Mizu shingen mochi, the so-called Japanese raindrop cake, took Japan by storm in 2014, but its path to celebrity in the U.S. took off only two years later, when Chef Darren Wong brought it from Japan to debut at the Brooklyn Smorgarsburg.
The calorie-free peace of heaven sold out and went viral. Its wobbly, see-through texture still sparks people’s imaginations thanks to all the dazzling variations on the dessert that still circulate the internet.
This round-shaped gelatin dessert was originally served with kinako (roasted soybean powder) and kuromitsu (black sugar syrup) on a takeaway boat plate. The roasted, peanut-y flavor on one hand and the sweet, intense taste of the syrup on the other hand, combined with the refreshing quality of the Japanese raindrop cake, makes for a killer summertime dessert. Yet, the most alluring features of this sweet are no doubt its texture and surreal appearance.
It slightly depends on the recipe, but in general, raindrop cakes are less thick than jelly and melt in the mouth quite quickly. Defining the taste is also a challenge and the most common attempt to explain it is “water-like.” Like a droplet of dew, it may not be satiating, but what a dreamy experience!
The unique, transparent look of the Japanese raindrop cake gives creative chefs and amateurs alike plenty to play with, making this delicacy an exciting form of jelly art. The fame it gained abroad seems to have added fuel to the fire of mizu shingen mochi in its country of origin, as the spread of the English nickname “raindrop cake” (reindoroppu ke-ki by the Japanese spelling) seems to point out.
The results of playing with this gelatin dessert bring refined, innovative, and eccentric beauty to the culinary world. From dry petals which open and create 3D patterns in the center of the raindrop cake, to puffy and jiggling drops laid on tangerine halves, reflecting and enhancing the bright orange light, this is the most Instagrammable dessert.
To the joy of home cooks, the basics of making a raindrop cake are quite simple: you just need mineral water, agar-agar, and sugar.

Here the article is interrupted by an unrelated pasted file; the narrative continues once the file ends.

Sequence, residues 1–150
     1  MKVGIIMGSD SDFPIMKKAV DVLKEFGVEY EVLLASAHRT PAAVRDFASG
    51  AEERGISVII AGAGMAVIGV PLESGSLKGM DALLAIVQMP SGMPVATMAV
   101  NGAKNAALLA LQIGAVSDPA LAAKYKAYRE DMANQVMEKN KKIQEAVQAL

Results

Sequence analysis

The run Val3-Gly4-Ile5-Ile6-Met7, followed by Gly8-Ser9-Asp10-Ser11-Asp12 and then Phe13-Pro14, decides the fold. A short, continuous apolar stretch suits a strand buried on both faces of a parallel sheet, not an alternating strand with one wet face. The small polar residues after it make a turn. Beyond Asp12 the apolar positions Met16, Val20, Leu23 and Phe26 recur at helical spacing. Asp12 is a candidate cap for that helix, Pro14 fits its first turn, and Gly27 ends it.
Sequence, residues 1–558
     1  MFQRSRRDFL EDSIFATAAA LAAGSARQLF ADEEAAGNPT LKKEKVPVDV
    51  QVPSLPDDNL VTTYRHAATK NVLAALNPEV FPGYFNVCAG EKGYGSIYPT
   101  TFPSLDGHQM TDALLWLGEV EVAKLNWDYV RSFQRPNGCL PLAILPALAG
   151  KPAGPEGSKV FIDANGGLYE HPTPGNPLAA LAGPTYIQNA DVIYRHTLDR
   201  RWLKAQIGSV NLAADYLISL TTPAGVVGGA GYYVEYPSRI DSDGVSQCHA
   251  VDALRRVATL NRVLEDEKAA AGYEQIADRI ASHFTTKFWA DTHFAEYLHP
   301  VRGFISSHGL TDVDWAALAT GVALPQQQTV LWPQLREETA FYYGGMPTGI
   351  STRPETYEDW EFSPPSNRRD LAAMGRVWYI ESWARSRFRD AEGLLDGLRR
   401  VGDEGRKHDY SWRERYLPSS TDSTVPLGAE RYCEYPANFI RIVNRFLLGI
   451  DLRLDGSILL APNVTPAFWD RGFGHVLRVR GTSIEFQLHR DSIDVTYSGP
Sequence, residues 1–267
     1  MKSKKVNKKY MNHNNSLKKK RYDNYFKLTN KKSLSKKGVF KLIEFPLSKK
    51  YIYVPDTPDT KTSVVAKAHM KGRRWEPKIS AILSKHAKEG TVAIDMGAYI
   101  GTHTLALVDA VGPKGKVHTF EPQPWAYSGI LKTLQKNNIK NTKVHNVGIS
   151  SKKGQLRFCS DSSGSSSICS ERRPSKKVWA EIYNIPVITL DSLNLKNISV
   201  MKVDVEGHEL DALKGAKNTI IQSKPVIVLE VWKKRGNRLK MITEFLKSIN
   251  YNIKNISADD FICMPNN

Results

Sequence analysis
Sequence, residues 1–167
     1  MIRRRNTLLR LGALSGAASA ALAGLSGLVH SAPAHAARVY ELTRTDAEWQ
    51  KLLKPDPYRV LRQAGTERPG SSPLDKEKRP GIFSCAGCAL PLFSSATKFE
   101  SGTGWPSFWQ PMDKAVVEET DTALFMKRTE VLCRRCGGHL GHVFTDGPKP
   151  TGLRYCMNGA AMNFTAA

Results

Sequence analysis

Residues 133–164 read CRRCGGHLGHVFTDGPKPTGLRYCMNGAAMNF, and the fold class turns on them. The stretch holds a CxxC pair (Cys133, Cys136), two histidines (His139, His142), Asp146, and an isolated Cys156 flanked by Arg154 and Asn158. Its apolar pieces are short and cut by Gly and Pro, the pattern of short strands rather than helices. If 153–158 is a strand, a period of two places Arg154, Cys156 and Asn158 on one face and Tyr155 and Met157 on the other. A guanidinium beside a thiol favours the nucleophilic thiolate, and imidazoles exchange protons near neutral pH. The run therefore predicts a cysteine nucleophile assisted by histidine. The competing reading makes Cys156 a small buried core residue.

The differentiation points between recipes are the type of agar-agar and the relative percentage of each mixing element, determining the firmness and clarity levels of your lovely droplet. Agar-agar is a seaweed-based jelly powder and therefore the Japanese raindrop cake is also completely dairy-free and, like wagashi and mochi, it is among several vegan-friendly Japanese desserts!
Learn how to make the viral raindrop cake, among other vegan Japanese confections, during byFood's Intensive Wagashi & Mochi Making Course. In 24 video tutorials, the instructor, Mai-san, will teach you how to make mizu shingen mochi, strawberry daifuku mochi, and 4 styles of nerikiri wagashi.
Check out these 4 shops in Japan to try the Instagram-worthy mizu shingen mochi for yourself!
Home to the original mizu shingen mochi, Kinseiken Daigahara first opened in 1902 and still maintains its traditional facade with deep-black wood finishes. Using the top-quality freshwater of Shirasu City, they create extremely clear, tiny, and precious raindrops, traditionally served with Japanese kinako and kuromitsu.
The availability of this dessert is limited to weekends from June to September and visitors come each year to line up in front of the shop and experience the sensation of eating water. If you are in Yamanashi Prefecture, make sure to dig into this piece of fine art, said to have a 30-minute lifespan, because of its extremely fragile texture.
To provision for the increase of yearly expected visitors, they opened a new branch in 2018 where you can get your Japanese raindrop cake fix.
Of course, buzzing Tokyo couldn’t be left out of this magical obsession. At Mikan Club, a fancy, yet cozy cafe in Shibuya, they serve what's called an “angel’s tear.” This drop from heaven is served on a cloud-shaped white plate dusted with a generous heap of kinako and a splash of brown sugar syrup. It’s a bit more firm than the original, sliding away from your spoon, but has a charming, glowy, irresistible surface worth the price.
Keep in mind that there is a limited number of sweets available each day.
Kyoto has got its own version, too, at Hard Rock Cafe, a funky option filled with floating sugary colorful little stars as if it were a piece of the sky. The Japanese raindrop cake is served as a special dessert with black Tamba soybeans, kinako, and a scoop of matcha syrup-topped vanilla ice cream. And a visit to a Hard Rock Cafe with sliding paper windows and nōren (Japanese curtains) is a unique experience, to boot! Whether you are a fan of the Hard Rock Cafe or not, it’s worth a stop.
Don't miss out on this intriguing trend in Hokkaido, the land of gigantic crabs and the freshest seafood. Sapporo Sarou Chapu is a cafe that can offer you a limited edition raindrop cake experience for the summer.
The cozy atmosphere of this cafe is the perfect spot to unwind and fully enjoy the simple beauty of a raindrop cake laying on a bright green bamboo leaf with kinako and kuromitsu on the side.The store actually specializes in Chinese tea, so why don’t you take the chance to explore and indulge in some energy-restoring cold tea or take a look at the colorful pottery display on the shelves.
Mizu shingen mochi, the Japanese raindrop cake, keeps captivating people’s minds with its whimsical and cute nature. In Japan, it is renowned as a summertime Japanese dessert, and you’re likely to accidentally bump into some of its variations during a sweaty day of strolling around Tokyo. But whether you decide to make it yourself or take advantage of one of the above-mentioned shops during this season, treat yourself with some heavenly raindrop cake.
See our Beginner's Guide to Mochi for an overview of Japan's other cute and tasty mochi varieties.